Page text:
Engineer Took All the Right Steps But Still Didn’t Receive Fair Pay

By Cheryl Hughes

Cheryl Hughes headshot

Cheryl Hughes

I was a divorced mother of two when I began pursuing an engineering degree in 1982. I had to overcome many obstacles such as an overwhelming male majority in the field, time management constraints, child care dilemmas, and finding a balance between motherhood and being a student. However, there was one obstacle I couldn’t overcome — pay inequity.

I was hired by a manufacturer on February 1, 1995, as an associate engineer with a starting salary of $39,600. When I asked for more money, I was told it was not in the budget. I decided to accept the offer and prove that I was worthy of a higher salary.

While working there, I befriended a white male engineer. He had asked the salaries of our white co-workers. In 1996, he asked my salary; I replied, “$44,423.22.” He told me that I, an African American woman, was being discriminated against. The next day, he gave me pamphlets from the Equal Employment Opportunity Commission. Despite learning that I was underpaid, I worked diligently to improve my skills. My performance evaluations were good. When a young white woman was hired at my firm, my friend told me that she earned $2,000 more than I did. At this time, I had a master’s degree in electrical engineering and three years of electrical engineering experience. This young woman had one year of co-op experience and a bachelor’s degree in engineering.

In 1998, the company decided to outsource all technical assistance centers. All employees in the centers — myself included — were told to apply for new jobs internally or look at other companies. I met with my director to discuss my options and was soon offered a sixth-level promotional opportunity. When I interviewed for this position, the manager said that the job was “boring.” I declined the promotion.

At that point, I was the only engineer left waiting for an offer or facing termination. I had applied for 70 engineering positions with the company. In November 1998, I accepted an offer for a temporary position with a department in the company that employed individuals with business degrees until I could find something in engineering.

My manager, a white woman, spoke of her experience with gendered pay inequity. During one of our meetings she said, “Today I received your paperwork. I cannot believe that you only earn $50,000 a year with a master’s degree in electrical engineering.” I replied, “You thought things were bad being a white woman. Imagine if I colored your skin and curled your hair.” During my annual review, my manager submitted a 15-percent increase, but her request was denied.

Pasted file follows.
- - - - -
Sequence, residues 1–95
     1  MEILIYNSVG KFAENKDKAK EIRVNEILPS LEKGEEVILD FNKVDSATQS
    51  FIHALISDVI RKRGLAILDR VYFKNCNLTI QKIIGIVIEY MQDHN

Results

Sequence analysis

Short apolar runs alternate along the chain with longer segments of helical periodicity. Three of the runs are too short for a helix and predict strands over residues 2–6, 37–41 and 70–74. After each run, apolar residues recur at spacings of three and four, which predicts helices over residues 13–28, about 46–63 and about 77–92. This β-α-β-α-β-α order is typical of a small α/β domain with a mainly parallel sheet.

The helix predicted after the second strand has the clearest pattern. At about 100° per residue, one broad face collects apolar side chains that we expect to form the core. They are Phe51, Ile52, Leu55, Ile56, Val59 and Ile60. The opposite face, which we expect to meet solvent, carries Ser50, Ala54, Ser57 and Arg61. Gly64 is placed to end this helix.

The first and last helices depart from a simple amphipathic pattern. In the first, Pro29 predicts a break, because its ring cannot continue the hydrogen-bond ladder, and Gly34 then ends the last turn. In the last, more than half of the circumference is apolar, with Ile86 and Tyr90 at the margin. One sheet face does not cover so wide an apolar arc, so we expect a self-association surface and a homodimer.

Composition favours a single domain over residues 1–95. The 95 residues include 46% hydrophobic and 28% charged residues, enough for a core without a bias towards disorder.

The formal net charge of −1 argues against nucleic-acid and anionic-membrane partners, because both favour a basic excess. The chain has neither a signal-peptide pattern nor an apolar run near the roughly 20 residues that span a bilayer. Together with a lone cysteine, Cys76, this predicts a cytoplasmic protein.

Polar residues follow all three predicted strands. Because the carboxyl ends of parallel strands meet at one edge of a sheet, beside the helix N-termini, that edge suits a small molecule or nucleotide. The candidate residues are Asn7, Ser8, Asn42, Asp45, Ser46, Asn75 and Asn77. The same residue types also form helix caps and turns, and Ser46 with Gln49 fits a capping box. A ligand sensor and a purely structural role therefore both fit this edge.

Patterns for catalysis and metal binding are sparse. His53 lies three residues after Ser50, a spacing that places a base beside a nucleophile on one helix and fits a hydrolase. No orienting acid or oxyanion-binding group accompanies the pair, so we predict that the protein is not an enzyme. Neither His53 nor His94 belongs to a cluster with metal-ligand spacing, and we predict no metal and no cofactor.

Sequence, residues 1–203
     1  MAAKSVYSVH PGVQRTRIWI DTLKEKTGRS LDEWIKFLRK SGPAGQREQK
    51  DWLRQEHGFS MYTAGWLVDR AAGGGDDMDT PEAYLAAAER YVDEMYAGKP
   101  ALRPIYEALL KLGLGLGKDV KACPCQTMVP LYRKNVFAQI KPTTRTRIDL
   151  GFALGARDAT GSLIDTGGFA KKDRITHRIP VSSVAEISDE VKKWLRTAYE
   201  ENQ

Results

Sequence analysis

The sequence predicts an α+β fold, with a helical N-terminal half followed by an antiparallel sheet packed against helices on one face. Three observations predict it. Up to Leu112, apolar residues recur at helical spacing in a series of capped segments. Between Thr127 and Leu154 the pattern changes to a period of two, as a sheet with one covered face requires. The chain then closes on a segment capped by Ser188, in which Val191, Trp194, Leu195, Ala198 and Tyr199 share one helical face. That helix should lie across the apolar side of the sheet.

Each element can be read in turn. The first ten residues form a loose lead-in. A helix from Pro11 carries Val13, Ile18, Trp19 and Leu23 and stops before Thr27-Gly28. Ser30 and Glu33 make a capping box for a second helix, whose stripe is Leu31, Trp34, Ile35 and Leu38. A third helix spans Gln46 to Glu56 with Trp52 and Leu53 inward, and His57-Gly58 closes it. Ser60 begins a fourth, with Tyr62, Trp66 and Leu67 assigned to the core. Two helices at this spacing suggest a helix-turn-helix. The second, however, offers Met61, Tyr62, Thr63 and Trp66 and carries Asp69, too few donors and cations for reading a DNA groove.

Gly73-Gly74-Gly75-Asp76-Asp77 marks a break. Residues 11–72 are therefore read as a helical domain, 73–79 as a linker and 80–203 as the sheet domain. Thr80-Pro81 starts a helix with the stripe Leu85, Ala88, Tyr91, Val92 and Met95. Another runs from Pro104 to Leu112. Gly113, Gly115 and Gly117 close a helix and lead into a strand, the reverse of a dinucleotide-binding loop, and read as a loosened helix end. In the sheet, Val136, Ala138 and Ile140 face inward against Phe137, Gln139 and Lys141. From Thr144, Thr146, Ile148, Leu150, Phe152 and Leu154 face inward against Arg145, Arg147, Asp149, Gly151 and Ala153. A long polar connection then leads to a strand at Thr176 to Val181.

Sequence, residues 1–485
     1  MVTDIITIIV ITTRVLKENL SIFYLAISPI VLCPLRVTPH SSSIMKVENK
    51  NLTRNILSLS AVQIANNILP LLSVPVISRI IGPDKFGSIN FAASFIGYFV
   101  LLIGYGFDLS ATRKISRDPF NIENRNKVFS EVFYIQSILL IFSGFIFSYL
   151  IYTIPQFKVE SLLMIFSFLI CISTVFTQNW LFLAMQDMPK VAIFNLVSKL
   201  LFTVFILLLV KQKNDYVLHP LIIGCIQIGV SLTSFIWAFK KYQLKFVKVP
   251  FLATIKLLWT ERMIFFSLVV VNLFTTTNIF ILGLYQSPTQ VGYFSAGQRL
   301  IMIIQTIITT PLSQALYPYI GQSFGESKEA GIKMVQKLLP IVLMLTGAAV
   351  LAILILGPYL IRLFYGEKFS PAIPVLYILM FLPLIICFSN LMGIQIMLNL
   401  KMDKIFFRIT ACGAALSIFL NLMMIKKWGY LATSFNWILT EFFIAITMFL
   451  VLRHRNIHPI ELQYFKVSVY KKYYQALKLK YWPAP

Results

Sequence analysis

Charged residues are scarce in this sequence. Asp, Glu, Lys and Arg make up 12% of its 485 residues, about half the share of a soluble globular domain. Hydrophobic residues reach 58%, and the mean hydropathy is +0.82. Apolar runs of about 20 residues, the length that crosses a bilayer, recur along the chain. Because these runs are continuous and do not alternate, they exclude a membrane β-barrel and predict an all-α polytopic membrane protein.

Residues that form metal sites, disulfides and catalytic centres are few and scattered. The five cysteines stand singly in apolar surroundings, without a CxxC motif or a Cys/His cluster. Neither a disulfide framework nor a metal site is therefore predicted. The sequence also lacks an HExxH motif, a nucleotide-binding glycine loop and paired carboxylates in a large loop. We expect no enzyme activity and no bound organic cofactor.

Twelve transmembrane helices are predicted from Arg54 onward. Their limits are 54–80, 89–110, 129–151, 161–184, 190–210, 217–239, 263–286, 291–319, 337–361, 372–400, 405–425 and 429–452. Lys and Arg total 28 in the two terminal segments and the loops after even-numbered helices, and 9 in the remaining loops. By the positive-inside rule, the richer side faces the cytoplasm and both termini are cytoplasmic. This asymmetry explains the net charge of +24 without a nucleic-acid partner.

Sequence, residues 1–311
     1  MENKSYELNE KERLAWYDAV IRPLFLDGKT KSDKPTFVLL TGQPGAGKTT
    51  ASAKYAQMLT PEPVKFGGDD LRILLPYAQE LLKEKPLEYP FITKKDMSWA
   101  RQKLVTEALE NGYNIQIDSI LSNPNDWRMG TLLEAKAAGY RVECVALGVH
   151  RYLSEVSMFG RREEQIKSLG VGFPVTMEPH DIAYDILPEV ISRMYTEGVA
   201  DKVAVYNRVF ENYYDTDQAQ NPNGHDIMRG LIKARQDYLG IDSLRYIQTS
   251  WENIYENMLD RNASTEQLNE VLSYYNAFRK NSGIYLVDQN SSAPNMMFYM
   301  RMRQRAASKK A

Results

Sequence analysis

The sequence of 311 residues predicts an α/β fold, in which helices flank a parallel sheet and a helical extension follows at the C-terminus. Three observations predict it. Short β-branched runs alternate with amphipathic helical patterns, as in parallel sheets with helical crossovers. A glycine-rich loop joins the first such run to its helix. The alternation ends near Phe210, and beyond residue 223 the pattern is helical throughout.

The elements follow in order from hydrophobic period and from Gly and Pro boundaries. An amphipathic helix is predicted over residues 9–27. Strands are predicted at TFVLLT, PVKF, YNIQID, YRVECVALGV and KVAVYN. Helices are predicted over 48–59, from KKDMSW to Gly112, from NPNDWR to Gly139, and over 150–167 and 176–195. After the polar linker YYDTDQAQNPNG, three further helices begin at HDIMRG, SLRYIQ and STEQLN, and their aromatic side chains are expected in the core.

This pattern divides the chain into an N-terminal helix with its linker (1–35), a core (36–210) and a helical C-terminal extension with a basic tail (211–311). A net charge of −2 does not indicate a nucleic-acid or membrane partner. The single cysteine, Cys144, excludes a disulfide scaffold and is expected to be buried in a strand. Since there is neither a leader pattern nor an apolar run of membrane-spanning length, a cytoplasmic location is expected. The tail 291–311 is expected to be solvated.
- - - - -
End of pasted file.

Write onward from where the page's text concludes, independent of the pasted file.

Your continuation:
For more than three years, I complained about pay inequity and lack of promotional opportunities to my manager, director, group vice president, and human resources. Since my complaints were not resolved, I decided to write a 14-page, single-space report with 15 exhibits on workplace discrimination.

Six weeks after mailing the report, the human resources director requested a meeting and we met several times. During our last meeting, she asked me to consider a 10-month separation agreement. I declined because it would have meant giving up the right to sue. On August 1, 2001, I was terminated.

I sued the company in both state and federal district courts. Both cases were dismissed. I appealed these cases in state and federal appellate courts. Again, both cases were dismissed, and I was out $27,000. I decided not to go to the Michigan Supreme Court due to their rulings against women and minorities.

For 16 years after that I worked as an engineer receiving taxable income of $767,710.27. From the day I began working as an engineer through retirement, my losses would be in excess of $1 million in earnings.  Some would have you believe that women earn less because of career choices, not negotiating their salaries, and leaving the industry to have children. I chose a lucrative field of study, tried to negotiate my salary without success, and stayed in the workforce with children.

Women subjected to pay inequity suffer during their working years through retirement. With pay equity, women can improve the economy, save for retirement, live in an area with a great school system, finance college for their children, and most importantly, achieve the American dream. Women, we must stand together and demand pay equity. If not, this issue will still be discussed when the 50-year-old Equal Pay Act turns 100.

Reprinted with permission from The American Association of University Women (AAUW).

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